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Stoves: essential gear. Napoleon once said that an army marches on its stomach; the same could be said of your average trekker; this month, Paul Deegan, looks at the cooking options available to hungry expeditioners.

I spent the spring of 1995 on an expedition to Mount Everest. One evening, the stove was proving difficult to light in the tent's porch as freight-train winds roared over our perch on the North Col. We reluctantly dragged the stove inside so that it could be fired up in the centre of the tent. This was clearly dangerous--fire and nylon don't mix well--but without anything to drink, dehydration would soon set in and, at 7,000 metres, we would then have a different order of chaos with which to contend.

The stove was duly ignited and we settled back into the corners of the tent. A few minutes later, the burner roared like an angry lion and belched four great tongues of flame that shot out between us and licked the tent's walls. Before anyone could react, the flames retreated into the burner and the stove resumed purring as normal.

An hour later, we were enjoying our first cup of tea. Thankfully, we never experienced a repetition of the incident, but from that day on, I've never cooked inside a tent.

Under pressure

Despite the potential dangers, a lightweight stove is an indispensable part of any camper's equipment. Yet until the mid-1800s, a reliable, efficient and portable burner simply didn't exist. Then a couple of unpressurised alcohol-burning stoves started to appear on the market. One model, engineered by polar explorers Fritdtj of Nansen and Adolphus Greeley, was a forerunner of the Swedish Trangia stove, which, even today, remains a popular choice when cooking at low altitudes.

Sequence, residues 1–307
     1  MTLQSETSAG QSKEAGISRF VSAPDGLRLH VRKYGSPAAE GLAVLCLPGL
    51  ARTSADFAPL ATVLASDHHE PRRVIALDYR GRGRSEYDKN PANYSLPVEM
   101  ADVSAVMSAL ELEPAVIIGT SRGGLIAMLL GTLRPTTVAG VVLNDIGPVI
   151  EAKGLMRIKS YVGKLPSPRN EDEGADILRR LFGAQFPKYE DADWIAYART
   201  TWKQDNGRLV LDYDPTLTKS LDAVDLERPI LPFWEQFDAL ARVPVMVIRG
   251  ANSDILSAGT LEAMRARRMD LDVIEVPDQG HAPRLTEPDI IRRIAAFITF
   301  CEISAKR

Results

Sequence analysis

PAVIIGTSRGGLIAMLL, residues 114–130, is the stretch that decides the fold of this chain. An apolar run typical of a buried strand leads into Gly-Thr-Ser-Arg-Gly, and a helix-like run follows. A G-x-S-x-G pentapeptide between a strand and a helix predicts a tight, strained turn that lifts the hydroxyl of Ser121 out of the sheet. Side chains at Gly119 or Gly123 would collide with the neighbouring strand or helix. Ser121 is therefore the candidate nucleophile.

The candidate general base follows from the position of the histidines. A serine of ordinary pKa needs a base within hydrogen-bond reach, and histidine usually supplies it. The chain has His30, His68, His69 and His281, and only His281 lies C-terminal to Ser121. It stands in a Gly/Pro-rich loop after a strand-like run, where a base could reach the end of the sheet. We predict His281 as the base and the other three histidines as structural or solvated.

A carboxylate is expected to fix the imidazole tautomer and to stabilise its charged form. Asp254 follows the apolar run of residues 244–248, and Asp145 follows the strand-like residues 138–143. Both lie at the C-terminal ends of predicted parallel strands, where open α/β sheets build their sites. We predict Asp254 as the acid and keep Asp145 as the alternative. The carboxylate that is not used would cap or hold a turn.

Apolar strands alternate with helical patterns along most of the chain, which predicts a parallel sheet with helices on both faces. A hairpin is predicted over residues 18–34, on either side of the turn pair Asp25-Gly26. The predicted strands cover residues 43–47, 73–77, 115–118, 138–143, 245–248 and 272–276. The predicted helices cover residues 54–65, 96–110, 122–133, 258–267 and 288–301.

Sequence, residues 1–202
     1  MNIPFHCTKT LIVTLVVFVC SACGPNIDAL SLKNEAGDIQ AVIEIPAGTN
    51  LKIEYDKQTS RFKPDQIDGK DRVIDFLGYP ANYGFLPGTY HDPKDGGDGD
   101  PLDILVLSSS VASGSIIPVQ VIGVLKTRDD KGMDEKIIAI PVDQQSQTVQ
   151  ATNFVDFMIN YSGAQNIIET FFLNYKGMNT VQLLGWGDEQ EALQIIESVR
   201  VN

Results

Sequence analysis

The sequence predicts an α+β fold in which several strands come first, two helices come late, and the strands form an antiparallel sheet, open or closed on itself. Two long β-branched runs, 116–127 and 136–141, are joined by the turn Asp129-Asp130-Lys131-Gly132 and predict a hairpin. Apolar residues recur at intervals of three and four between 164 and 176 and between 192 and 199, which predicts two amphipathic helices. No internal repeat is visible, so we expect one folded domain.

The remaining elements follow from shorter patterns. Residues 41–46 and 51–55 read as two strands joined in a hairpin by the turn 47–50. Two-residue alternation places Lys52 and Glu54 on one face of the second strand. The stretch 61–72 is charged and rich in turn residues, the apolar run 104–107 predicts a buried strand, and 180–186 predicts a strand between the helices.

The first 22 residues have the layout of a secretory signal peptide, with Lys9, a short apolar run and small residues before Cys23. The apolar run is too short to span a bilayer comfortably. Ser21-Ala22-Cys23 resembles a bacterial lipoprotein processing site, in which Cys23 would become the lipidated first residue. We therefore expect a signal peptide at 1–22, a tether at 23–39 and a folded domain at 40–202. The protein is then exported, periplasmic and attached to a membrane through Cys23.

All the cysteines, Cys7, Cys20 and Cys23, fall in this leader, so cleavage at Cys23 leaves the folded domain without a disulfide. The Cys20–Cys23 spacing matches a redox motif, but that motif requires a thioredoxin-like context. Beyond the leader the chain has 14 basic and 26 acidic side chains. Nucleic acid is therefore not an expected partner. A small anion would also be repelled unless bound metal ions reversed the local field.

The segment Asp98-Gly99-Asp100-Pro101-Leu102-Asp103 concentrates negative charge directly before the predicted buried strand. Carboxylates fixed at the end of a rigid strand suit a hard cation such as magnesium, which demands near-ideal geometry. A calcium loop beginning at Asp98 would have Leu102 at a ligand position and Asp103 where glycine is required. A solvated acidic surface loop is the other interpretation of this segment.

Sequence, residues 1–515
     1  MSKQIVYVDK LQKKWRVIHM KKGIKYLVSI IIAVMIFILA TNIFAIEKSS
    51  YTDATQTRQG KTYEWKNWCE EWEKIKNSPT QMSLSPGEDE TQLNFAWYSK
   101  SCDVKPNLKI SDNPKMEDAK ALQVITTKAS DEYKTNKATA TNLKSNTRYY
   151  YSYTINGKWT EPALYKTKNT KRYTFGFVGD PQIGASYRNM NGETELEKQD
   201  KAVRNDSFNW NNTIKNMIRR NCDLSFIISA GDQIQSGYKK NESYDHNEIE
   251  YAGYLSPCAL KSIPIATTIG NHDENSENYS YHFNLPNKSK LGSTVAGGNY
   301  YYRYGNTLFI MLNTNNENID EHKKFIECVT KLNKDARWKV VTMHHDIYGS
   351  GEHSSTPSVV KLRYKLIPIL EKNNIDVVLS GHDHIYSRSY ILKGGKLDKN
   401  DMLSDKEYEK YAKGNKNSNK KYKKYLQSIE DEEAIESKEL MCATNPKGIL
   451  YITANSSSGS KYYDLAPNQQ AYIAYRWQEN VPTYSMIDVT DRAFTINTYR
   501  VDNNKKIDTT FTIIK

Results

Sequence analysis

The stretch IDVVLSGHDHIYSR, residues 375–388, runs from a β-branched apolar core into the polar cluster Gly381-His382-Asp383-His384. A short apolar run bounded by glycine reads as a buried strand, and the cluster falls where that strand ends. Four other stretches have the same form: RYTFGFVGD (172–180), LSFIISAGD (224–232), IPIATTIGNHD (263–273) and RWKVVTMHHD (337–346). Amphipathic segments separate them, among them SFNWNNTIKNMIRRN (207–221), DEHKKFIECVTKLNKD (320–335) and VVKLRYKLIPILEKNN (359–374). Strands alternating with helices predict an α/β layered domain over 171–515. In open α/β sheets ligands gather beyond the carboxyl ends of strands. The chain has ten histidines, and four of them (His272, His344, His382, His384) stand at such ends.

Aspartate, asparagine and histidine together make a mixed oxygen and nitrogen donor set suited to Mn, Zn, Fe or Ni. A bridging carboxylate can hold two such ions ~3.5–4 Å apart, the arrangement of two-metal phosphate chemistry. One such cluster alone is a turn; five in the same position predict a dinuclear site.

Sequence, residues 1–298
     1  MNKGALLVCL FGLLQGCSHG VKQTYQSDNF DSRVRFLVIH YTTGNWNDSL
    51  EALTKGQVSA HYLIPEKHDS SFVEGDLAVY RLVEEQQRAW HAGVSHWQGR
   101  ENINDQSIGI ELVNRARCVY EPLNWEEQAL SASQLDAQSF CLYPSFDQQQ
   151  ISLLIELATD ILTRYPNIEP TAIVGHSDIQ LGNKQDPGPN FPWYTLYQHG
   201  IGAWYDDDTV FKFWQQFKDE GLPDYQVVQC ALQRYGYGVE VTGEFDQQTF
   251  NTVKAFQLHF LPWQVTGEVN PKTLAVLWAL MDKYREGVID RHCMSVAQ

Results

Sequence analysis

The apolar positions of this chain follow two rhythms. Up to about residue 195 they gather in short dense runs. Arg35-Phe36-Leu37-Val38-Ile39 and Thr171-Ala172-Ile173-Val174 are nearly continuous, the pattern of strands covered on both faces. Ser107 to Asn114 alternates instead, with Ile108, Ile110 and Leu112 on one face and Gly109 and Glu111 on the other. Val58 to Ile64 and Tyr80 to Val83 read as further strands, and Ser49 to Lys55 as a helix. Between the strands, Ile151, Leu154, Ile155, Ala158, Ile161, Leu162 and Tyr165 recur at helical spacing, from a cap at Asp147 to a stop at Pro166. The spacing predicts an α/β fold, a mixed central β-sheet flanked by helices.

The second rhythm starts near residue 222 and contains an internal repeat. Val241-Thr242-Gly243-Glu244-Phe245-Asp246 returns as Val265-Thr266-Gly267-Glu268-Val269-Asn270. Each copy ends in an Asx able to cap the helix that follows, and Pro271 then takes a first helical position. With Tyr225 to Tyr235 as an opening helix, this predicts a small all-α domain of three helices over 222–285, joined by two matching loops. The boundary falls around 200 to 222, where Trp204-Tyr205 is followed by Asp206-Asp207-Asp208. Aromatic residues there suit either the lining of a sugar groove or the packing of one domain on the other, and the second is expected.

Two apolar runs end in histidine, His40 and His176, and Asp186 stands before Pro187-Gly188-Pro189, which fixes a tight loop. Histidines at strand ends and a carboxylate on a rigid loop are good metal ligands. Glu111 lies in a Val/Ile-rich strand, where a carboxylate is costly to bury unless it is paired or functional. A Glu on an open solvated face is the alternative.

But for real performance at any altitude, and for rapid snow melting in the polar regions, a pressurised stove is required. However, 19th-century kerosene (paraffin) wicking stoves were sooty and inefficient. The solution lay in finding a way to vaporise the fuel before combustion. The first device of this kind was a blowtorch that was invented and patented by Swedish engineer Carl Richard Nyberg in 1882.

A few years later, two more Swedes, the Lindqvist brothers, were awarded a patent for a small pressurised kerosene stove that vaporised the fuel before combustion to produce a smokeless flame. The Lindqvists subsequently went into production with Johan Viktor Svenson, at which point the stove was named the Primus. (Note, however, that this version of events is disputed in some quarters, with suggestions that a Dane, Frederik Ferdinand Tretow-Loof, may have invented the Primus stove.) Nansen took a Primus to the Arctic in 1893, and the stove rapidly became a commercial success both at home and abroad.